Syn.: Cerasus virginiana (L.) Michx., Padus virginiana (L.) M. Roem.
Family: Rosaceae Juss.
Prunus virginiana
Distribution: North American species with large area of distribution, from Atlantic to Pacific, through southern Canada and northern part of US. Absent in the north and southeast of the continent. Brought to Europe in 1665, to Czechia in 1811. It is planted in the parks and even in the woods.
Ecology: Dry, open areas, edges of aspen forests, along streams. Blooms from April to June.
Prunus virginiana
Description: Deciduous shrub to small tree, 5–15 m tall. Trunk erect, crown ovoid, young bark reddish brown, smooth, old bark greyish brown, cracking. Young shoots smooth, brown-green, later grey. Leaves alternate, widely ovoid to elliptical, 4–12 cm long, 4–8 cm wide, petioles 5–20 mm, margins finely toothed. Inflorescence is a cylindrical raceme, 5–15 cm long, 10–35-flowered, 10–15 mm across, white, pentamerous, stamens about 20, pistil 1. Fruit is a berry-like drupe, reddish purple to purplish black, 6–8 mm across, edible.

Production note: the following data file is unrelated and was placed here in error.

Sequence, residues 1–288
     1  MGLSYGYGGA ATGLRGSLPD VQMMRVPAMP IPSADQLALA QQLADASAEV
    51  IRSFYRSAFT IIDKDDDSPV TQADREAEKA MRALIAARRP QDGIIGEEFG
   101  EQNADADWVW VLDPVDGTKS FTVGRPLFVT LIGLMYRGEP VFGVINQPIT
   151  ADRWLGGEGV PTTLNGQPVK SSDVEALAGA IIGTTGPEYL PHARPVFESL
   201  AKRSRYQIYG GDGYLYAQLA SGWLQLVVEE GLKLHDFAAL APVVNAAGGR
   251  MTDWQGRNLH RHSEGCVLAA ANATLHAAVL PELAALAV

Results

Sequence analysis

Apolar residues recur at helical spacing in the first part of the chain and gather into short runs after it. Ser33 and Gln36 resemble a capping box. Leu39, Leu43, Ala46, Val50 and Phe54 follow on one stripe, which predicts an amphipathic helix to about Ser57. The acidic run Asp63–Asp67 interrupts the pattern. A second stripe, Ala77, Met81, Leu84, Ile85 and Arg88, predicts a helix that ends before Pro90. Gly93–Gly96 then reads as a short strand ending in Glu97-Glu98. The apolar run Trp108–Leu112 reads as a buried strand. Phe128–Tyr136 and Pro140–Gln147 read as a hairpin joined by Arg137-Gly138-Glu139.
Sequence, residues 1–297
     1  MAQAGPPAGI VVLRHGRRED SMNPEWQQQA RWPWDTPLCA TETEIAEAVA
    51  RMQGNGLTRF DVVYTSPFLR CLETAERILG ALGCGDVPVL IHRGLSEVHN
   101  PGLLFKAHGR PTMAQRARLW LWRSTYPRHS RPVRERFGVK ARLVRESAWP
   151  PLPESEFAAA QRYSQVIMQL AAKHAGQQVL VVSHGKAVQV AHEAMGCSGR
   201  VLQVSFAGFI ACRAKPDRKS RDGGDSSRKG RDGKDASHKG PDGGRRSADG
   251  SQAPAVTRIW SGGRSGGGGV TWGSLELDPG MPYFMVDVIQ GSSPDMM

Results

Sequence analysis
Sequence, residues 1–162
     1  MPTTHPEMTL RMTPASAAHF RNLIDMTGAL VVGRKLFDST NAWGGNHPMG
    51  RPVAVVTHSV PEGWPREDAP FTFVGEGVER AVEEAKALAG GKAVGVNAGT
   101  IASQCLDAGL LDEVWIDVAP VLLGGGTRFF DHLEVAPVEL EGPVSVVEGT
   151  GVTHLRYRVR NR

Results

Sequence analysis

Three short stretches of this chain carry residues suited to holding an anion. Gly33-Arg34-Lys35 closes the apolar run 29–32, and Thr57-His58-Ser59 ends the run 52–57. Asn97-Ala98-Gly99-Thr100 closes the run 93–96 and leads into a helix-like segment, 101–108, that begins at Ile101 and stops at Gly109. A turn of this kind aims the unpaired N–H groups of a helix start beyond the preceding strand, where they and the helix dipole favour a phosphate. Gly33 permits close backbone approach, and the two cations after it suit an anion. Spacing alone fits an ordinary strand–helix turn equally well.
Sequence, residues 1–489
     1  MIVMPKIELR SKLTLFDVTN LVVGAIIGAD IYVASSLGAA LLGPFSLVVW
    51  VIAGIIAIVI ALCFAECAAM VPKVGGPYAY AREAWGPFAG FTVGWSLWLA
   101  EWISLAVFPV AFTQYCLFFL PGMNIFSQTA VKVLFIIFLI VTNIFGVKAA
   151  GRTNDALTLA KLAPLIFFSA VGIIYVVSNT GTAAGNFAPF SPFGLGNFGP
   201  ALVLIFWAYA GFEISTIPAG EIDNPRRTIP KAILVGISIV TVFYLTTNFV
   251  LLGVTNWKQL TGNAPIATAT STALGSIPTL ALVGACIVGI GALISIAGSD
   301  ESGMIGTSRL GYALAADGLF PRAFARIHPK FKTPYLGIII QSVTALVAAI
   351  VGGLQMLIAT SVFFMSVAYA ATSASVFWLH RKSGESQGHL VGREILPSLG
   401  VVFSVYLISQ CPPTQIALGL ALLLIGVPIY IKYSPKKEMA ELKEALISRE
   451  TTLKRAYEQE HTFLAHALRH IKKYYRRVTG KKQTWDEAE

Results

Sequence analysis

Use: Although sour to the taste, fruit makes delicious jams and jellies. Native tribes added ground chokecherries, complete with pits, to pemmican and fish.
Note: This species is used in cultivation as a decorative tree in several cultivars. In North America the most popular is ‘Schubert’ cultivar with red leaves.
Prunus virginiana
Prunus virginiana
Prunus virginiana
This species, as all Prunus in North America, is susceptible to Black Knot, which is a fungus Apiosporina morbosa, easily transmitted, hard to contain.
Prunus virginiana
These images were taken in Canada, Alberta, Calgary, South Glenmore Park and Irrigation Canal (by Karel Bergmann, 2013), and Canada, Alberta, Fort Macleod, Head-Smashed-In Buffalo Jump (by Vít Grulich, 28. 7. 2007).